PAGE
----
But their efforts go way beyond their defensive work: the duo has three goals each, only one player in the team has scored more. Marítimo is the third team in the league with more goals scored from set-pieces (10), causing such a threat at corners/wide free-kicks that they end up relying on them offensively: 71% of the team’s scoring efforts have come from set-pieces (including two penalties). Everyone knows how difficult it is to defend a well-trained set-piece but you could argue that shutting down their set-piece routines pretty much renders their attack infertile.
On the right, Patrick Oliveira has been the go-to man. The Brazilian has had a very consistent season, reliable defensively and popping up with the odd assist when going forward – with three, he’s joined top assist provider at the club. He tends to show up in big games, too: Patrick was key in the wins v Braga and Benfica. On the left, things aren’t so clear. Fábio China had an okay start but injuries have been slowing him down and due to the lack of replacements in the squad, CB Deyvison has often been adapted. While it adds another defensive layer and yet another threat for set-pieces, there’s a lack of offensive support on that side.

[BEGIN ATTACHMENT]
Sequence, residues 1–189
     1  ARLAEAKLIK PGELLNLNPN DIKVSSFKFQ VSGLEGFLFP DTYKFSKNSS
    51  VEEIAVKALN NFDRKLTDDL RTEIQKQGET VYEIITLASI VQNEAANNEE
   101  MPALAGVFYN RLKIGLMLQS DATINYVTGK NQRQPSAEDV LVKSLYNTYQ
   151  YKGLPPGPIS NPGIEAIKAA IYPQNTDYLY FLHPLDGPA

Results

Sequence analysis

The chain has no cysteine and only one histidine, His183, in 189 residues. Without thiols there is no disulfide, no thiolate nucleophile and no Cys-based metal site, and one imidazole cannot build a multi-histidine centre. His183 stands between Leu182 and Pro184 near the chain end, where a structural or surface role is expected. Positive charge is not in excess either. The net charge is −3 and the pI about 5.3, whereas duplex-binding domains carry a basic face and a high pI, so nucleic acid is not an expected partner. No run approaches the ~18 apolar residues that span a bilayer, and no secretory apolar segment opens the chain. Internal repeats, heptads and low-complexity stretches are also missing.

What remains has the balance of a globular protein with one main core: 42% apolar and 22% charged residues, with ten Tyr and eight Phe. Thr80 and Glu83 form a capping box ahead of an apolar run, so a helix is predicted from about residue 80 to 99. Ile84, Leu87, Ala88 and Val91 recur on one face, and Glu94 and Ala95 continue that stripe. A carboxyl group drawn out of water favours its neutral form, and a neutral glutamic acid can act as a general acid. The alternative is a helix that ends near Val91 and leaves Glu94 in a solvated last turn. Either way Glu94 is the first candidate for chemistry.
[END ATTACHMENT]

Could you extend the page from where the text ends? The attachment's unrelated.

The issue was recently taken care of with the signing of Luís Martins. The ex-Benfica left-back known for his offensive prowess and quality set-piece delivery (go figure) arrives from Granada. To wrap up the defence there’s yet another transfer worth mentioning: Zainadine, ex-Nacional, returned to Madeira from China and is a quality asset. Able to play either CB or RB, I think he’ll have trouble breaking through the CB pairing that is established but will give important contributions to the team.